I always have my eye out for unusual books about Milwaukee history, and History of the Social Democratic Party of Milwaukee: 1897-1910 by Marvin Wachman (University of Illinois Press, Urban, Illinois, 1945) seemed to fit the bill.
I don’t have much interest in politics, but the book covered a sufficiently early time period that I thought someone (probably not me, but I do have customers) might find it interesting. Plus it met one of my primary criteria: There weren’t many copies on line.
Although I didn’t expect to be riveted by the content, I did flip through the book while cataloging it and was surprised at how much information of interest it contained.
Even though I had always known (learned in school or picked up somewhere along the line) that Milwaukee once had a Socialist mayor, I always dimly thought that was just the name of his party. By the time I was aware of such things, “Socialist” was used almost interchangeably with “Communist.” Communists were evil, and Milwaukee would never be associated with anything like the socialism that got such a bad rap during the cold war.
Boy, was I wrong!
Milwaukee’s socialist party platform was all about destroying capitalism and giving the workers control of the means of production. Interestingly enough, though, it distanced and distinguished itself from Communism, as explained by Victor L. Berger, one of the movers and shakers of the party.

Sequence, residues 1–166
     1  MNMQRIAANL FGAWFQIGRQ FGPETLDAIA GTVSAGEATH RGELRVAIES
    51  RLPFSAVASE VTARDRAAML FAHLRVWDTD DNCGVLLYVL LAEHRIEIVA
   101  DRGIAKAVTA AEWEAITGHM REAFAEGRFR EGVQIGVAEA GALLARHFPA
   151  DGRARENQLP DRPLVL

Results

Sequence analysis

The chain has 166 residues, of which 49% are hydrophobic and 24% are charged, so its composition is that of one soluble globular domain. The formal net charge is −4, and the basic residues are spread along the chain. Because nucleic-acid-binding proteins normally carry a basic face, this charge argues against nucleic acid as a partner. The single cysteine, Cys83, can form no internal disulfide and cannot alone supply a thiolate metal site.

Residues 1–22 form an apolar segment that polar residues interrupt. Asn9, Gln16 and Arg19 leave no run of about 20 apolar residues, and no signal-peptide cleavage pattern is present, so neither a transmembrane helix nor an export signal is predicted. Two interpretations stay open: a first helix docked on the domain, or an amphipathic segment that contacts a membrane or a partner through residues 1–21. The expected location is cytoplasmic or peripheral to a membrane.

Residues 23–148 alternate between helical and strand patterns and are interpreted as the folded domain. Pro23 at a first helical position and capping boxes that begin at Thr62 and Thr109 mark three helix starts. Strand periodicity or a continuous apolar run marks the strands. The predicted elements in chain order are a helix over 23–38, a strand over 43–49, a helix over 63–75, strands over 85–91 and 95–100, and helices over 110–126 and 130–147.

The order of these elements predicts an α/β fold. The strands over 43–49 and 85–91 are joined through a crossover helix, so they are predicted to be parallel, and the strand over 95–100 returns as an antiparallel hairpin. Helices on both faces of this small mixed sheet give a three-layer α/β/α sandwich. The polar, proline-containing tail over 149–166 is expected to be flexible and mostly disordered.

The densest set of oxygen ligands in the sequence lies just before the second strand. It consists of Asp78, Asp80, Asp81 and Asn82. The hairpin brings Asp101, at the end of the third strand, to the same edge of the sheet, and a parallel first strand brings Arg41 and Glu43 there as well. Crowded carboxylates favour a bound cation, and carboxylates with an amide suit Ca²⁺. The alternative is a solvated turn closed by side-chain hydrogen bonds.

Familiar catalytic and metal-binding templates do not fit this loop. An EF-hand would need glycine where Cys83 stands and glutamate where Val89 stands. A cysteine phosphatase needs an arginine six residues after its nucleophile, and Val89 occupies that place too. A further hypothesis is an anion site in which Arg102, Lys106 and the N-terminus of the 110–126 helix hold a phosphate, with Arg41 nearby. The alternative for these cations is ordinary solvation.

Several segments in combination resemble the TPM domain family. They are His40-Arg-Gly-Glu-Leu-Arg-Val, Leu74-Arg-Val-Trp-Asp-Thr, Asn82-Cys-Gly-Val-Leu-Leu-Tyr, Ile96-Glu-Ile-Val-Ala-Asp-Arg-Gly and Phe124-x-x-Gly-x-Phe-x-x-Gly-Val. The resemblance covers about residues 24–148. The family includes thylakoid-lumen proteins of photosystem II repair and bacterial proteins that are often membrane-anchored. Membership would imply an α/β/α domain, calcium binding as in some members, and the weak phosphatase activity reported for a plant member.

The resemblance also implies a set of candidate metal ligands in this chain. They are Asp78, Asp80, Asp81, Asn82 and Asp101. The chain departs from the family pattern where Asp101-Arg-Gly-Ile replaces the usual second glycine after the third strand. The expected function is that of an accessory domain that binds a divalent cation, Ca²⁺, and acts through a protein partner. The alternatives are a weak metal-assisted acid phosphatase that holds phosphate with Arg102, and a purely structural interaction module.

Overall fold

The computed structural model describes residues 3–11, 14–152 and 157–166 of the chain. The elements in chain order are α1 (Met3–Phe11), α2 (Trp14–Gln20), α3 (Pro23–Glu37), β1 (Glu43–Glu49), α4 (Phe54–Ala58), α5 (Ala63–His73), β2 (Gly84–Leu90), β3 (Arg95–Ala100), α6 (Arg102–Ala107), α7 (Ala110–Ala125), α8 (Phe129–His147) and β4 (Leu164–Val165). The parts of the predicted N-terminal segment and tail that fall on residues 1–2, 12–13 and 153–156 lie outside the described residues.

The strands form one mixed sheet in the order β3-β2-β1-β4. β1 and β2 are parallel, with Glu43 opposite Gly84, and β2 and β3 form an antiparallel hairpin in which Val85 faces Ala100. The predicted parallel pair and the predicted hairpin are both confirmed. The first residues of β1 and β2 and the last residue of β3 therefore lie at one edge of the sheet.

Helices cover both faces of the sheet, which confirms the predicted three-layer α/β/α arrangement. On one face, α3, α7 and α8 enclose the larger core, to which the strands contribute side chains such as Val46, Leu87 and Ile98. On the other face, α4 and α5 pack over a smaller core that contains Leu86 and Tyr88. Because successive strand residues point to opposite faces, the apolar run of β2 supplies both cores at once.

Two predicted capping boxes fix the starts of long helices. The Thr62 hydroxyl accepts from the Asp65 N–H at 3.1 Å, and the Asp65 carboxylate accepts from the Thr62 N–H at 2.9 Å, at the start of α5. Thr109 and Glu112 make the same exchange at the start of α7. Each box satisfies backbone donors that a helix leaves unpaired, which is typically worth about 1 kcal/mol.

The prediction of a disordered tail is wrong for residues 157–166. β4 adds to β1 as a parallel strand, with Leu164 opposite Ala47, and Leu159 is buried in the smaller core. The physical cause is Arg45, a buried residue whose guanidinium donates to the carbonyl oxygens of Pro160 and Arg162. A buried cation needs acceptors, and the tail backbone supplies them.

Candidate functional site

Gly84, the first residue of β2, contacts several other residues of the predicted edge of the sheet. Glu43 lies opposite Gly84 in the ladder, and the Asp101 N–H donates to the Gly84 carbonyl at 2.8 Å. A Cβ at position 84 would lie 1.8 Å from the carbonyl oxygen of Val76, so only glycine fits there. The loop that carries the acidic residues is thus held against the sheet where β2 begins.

…Our aim is Socialism, not Communism. We want this understood. Between Socialism and Communism there is a great deal of difference….
Socialism simply demands the collective ownership of the means of production and distribution. we will produce in common, but the consumption will remain individual. socialism will control only our capital, not our property. A Socialist Commonwealth will not do away with individual ownership of property, but only with individual ownership of capital.
It is Communism that denies individual ownership of all property. The communists want to produce and consume in common.
(The Vanguard, VI (January, 1908), 79-80)
Still sounds pretty red to me, as do other elements of the Socialist Democratic platform, such as: We demand that the city be given the power to take over and manage such public industries as are not in private hands…
But that’s not what really captured my attention. What was really interesting was the issue of an armed citizenry. Victor L. Berger (who was almost synonymous with the Social Democratic party), wrote in The Social-Democratic Herald (Milawukee. April 15, 1905):
…I would like to see a systematic way of arming all the people. Not for the sake of “revolution,” but for the sake of peace and progress.
Frederic Engels once said: “Give every citizen a good rifle and fifty cartridges and you have the best guarantee for the liberty of the people.” Thomas Jefferson held the same views exactly.
An armed people is always a free people. Even demagogues and parasites would have a great deal less to say than they have today….
With the nation armed in a systematic way the capitalist class need not fear any sudden uprising — there are less riots in Switzerland where the people are armed, than in Russia where they are disarmed. But with the nation armed, the workingmen are not in danger of being shot down like dogs on the least provocation.
Frederic Engels, by the way, co-authored (along with Karl Marx) The Communist Manifesto. Whether he shared any other views with Thomas Jefferson is unstated by Berger, but he does seem to share some views with the modern National Rifle Association.
What I find fascinating is not only the argument for gun ownership, but the shift in those propounding it. Who would have thought that the super patriotic NRA would have anything in common with Marxists and Socialists?